While parking in Chepstow for our team meet-up I was short 30p for the pay and display. I bounded over to the Tourist Information office in the hope they might break a note for me – The kind woman that greeted me was unable to change my note but instead gave me the 30p I needed. Thank you, who ever you were.
To further brighten my day the cafe we had decided to meet in had the best breakfast sandwich I have ever seen. See the picture below, it was the sour dough club if you’re interested. It really was amazing!
Just like every other marketing medium, a website has to earn its keep. The good news is that you can find out a lot more about what people do when they encounter your website than when they come across your offline marketing messages.
How many people visit your website is just the start. You can also find out:
What they look at
How long they spend browsing it
How many take action after browsing
And armed with the knowledge about how people are interacting with your website you can tweak it and tweak it until it is getting the response you want.
When we make changes you can:
See if there’s been an improvement in how many people visit or how long they spend on your site
Decide if something’s worth doing again
Know if the website is bringing in enough revenue by itself (a great position to be in) or if you need to continue a mix of activities (probably the most advisable course).
That’s all very well, I hear you say, but exactly how do you measure all this? The chances are that your website provider will have a statistics package, but it may not offer all the information you need.
The solution is Google Analytics. It’s free, simple to install (just a matter of copying and pasting some code onto each page of your site) and provides a wealth of information. So if you’re not impressed with your stats package or you don’t have one, I’d always recommend Google Analytics as the tool to turn to.
The web offers a wealth of tools that can help you market your business on a shoestring. In this post and the next one, I’ll take a look at ten ways the internet can help promote your business. Spend 10% of your marketing time on each one and you can build your business on a budget. Here goes … (more…)
A guide to choosing the right search terms for your business
First things first. What are keywords? They are the words or phrases that someone looking for a business or service like yours will type into a search engine to find you. And if those words and phrases don’t feature in the content, their website won’t come up when someone types them into a search engine.
As a general rule, your keyword list shouldn’t be very long. (If you’ve got 150 words or phrases in your list, you’re either running a multinational business with hundreds of products or you’ve got too many words on the list). Around 10 to 12 words or phrases is plenty for the average site.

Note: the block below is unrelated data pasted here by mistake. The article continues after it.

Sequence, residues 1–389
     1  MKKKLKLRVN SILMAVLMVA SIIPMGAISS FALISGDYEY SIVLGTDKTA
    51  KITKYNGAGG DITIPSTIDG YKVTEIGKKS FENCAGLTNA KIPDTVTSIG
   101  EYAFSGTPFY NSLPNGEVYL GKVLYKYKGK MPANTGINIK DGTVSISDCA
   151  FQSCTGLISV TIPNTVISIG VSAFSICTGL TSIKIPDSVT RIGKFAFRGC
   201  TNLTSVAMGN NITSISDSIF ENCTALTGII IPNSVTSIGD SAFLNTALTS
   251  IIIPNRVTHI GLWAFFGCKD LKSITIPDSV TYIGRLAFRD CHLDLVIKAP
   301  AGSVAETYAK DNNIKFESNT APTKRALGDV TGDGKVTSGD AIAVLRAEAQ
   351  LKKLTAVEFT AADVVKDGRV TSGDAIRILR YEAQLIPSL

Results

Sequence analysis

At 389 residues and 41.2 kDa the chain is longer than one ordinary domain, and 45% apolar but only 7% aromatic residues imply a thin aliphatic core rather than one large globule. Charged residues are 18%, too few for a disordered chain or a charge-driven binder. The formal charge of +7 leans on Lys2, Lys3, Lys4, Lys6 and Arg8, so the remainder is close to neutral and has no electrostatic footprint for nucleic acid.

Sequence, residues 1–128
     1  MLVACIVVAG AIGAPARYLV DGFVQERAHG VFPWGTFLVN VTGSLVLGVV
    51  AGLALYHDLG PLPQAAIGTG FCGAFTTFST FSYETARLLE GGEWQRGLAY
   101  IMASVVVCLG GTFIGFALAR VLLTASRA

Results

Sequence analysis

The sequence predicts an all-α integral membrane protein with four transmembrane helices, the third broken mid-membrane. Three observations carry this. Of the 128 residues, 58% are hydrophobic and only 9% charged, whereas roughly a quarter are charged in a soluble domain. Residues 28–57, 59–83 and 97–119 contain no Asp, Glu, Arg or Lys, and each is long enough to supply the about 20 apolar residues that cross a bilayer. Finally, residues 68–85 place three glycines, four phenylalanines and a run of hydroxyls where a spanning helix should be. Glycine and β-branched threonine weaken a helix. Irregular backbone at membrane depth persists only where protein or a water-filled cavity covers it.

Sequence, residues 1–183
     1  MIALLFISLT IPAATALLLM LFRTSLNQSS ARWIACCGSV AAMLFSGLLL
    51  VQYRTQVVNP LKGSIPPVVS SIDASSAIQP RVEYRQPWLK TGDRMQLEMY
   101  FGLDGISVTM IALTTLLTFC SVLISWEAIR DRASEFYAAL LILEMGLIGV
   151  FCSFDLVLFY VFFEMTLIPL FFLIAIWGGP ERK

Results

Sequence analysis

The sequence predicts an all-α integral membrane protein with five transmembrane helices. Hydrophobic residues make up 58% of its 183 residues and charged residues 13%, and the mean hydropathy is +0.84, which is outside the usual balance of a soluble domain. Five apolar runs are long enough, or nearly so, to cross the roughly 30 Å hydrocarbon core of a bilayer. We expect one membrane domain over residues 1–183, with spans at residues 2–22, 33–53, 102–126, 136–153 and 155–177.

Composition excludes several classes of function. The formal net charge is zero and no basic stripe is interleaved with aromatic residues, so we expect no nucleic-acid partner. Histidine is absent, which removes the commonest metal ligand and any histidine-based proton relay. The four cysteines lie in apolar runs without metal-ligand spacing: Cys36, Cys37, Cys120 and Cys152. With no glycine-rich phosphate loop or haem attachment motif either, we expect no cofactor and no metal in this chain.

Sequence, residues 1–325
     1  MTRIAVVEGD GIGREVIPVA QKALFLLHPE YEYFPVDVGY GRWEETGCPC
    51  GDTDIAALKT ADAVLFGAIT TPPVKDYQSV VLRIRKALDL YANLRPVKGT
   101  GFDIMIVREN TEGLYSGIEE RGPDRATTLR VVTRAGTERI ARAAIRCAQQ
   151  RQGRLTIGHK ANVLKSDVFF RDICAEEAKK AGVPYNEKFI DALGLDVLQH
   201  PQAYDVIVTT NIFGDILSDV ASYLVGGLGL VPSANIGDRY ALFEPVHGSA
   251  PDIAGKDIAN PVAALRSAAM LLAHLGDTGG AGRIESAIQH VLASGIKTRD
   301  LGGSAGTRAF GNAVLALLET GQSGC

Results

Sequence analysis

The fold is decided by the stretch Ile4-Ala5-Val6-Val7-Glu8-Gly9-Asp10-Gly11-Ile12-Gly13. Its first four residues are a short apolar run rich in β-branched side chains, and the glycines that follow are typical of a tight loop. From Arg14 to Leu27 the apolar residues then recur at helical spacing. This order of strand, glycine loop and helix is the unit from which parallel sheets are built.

So how do you choose them?
Part one: brainstorming and choosing
Brainstorm all the words that come to mind when thinking of your business. Don’t worry at this stage how many you’ve got. Now look at each of them in turn and ask “if I was looking for a business like mine, would I type this into Google?”. There are three possible answers:
only if I combine it with one (or more) other words or phrases in the list.
Remove all the “nos” from the list and combine all the “only ifs”.
Part two: checking and exploring
The next step is to check your list.
Enter them into Google (or your search engine of choice) and see what comes up. If your competitors or websites similar to yours are coming up, you’ve probably got the right keywords. If they aren’t, you can remove them from the list.
Ask your customers what they would type into a search engine if they wanted to find a business like yours. If they match yours, that’s great. If they don’t, add them to the list.
Use Google’s keyword research tool. This will provide you with suggestions you may not have thought of. It will also give you an idea of how competitive your chosen keywords are so you can assess your chances of appearing high up in the rankings. And this is extremely important.
Part three: assessing the competition
The last and perhaps most important step in this process is to assess your chances of appearing high up in the results when people search for them.
Let’s take an example. If you sell cars, you might think your top keyword is “cars” and that you need to be on the first page of results when people search on “cars”. But realistically
you won’t be
you don’t want to be (honestly!).
You won’t be because you’ll be competing with every single website in the world that’s about cars. The chance of being in the first one hundred pages, let alone the first page or the number one spot are remote, to say the least. Optimise your site on the word “cars”, you’ll never be found by your potential customers. The result? A website that isn’t doing its job.